When a joint return gets an ex-spouse in trouble with the IRS

Americans hide a lot of income to evade paying taxes. The Internal Revenue Service says it annually misses roughly $500 billion in tax dollars or about one in six dollars the public owes.

Unsurprisingly, tax evaders also sometimes hide certain income from their spouses. They may choose to hide expensive gifts, gambling winnings, off-the-books jobs, cryptocurrency profits and other gains from both the government and their spouse.

The IRS has seen it all before, including innocent spouses realizing the IRS is holding them responsible for taxes they could not know they owed.

Jointly and severally liable means everyone is responsible

When spouses file a joint income tax return together, it means both spouses are “jointly and severally liable” for the taxes, interest, penalties, criminal charges or any other consequences.

The impressive-sounding term “jointly and severally liable” simply means the IRS can hold you solely responsible (liable) for everything, or they can hold your spouse solely responsible, or they can hold both of you responsible.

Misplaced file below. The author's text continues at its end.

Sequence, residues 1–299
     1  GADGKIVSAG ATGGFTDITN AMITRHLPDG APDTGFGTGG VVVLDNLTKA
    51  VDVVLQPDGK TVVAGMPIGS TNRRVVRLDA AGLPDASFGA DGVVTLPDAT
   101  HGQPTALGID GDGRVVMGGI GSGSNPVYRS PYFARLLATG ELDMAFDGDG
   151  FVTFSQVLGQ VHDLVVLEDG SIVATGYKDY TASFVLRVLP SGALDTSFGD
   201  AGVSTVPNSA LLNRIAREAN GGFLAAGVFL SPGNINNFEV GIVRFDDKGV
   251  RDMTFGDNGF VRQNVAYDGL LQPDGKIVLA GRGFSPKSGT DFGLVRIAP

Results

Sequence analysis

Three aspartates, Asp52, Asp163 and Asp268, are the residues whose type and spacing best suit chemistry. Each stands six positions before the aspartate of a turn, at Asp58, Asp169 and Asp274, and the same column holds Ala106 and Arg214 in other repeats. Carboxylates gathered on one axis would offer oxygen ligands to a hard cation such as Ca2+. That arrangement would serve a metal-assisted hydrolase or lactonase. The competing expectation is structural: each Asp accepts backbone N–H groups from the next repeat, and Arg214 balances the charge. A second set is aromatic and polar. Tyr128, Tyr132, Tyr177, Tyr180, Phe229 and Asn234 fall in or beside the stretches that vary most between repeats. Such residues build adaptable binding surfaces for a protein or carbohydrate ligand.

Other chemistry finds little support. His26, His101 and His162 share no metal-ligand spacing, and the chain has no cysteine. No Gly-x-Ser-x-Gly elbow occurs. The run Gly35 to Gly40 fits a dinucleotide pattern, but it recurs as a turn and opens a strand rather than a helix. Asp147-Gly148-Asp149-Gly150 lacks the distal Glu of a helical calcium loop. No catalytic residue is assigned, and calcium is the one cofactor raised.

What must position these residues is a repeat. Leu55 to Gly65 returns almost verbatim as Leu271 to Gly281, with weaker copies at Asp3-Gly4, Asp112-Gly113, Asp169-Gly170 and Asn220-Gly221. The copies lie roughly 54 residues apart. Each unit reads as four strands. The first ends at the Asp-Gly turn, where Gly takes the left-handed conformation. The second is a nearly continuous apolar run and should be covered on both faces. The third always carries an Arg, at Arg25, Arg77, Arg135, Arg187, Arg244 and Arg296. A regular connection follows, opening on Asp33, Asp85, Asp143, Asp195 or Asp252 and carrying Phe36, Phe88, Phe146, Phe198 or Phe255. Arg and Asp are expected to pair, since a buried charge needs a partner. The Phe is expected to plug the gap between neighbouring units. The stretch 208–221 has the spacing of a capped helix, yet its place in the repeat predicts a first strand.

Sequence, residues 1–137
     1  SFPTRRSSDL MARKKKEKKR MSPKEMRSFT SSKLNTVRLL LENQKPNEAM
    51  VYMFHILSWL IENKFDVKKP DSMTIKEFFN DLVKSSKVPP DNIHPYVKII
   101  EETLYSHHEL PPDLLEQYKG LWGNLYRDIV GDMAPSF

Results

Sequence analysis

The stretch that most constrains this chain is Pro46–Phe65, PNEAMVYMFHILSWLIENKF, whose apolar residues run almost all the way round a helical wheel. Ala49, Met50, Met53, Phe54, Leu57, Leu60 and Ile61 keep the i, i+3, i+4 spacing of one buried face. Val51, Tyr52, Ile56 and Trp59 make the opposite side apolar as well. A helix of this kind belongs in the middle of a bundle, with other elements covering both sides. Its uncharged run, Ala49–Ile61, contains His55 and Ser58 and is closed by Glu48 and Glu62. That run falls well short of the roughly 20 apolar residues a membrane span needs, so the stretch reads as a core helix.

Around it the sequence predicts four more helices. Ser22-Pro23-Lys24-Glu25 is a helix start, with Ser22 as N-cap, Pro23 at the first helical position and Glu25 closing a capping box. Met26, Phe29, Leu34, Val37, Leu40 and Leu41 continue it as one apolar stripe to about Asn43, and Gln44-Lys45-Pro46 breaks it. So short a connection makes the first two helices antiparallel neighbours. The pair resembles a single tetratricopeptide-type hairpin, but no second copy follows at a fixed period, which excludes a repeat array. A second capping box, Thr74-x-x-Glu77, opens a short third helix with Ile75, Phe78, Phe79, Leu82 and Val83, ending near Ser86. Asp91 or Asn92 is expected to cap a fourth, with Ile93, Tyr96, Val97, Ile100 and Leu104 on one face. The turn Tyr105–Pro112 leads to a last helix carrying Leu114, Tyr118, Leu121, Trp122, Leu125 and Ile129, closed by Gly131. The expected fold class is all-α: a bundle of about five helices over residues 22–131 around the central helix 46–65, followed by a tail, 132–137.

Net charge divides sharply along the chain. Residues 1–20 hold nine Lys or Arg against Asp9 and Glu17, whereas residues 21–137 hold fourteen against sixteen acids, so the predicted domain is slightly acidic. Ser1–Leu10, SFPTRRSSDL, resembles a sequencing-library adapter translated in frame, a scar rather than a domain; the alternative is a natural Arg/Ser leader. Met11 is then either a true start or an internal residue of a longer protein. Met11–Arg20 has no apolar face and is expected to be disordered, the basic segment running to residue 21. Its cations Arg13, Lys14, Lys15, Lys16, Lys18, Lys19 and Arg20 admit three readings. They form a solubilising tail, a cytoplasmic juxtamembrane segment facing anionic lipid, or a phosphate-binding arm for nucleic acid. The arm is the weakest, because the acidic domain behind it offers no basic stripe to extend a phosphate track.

The liability follows the filing, not the marriage. If someone dies, for example, you remain jointly and severally liable. Even if you divorce and the judge-approved divorce settlement says one of you gets the debt, the IRS can still hold you jointly and severally liable.

Qualifying for Innocent Spouse Relief

Former spouses can ask the IRS for Innocent Spouse Relief from liability they believe should belong only to their ex.

The IRS will consider a former spouse “innocent” only if all three apply:

  • They filed a joint return with a problem that came only from their spouse. The problem can be unreported income, or improper deductions or credits, among others.
  • They show that they did not know about the problem with the return and had no reason to.
  • They show it would be wrong, given all the circumstances, to hold them responsible for the return.

Complications and alternatives to consider

Although it might all sound straightforward, possible complications are everywhere, so carefully consider involving a professional.

Perhaps most importantly, the IRS will tell your former spouse that there is a problem. This might mean you are essentially reporting your former spouse’s federal crime to the IRS, and that may require some preparation. The IRS suggests considering an “Offer-in-Compromise Doubt as to Liability.”

Also, other somewhat similar options might fit your circumstances better, such as Injured Spouse Relief, Equitable Relief or Separation of Liability Relief.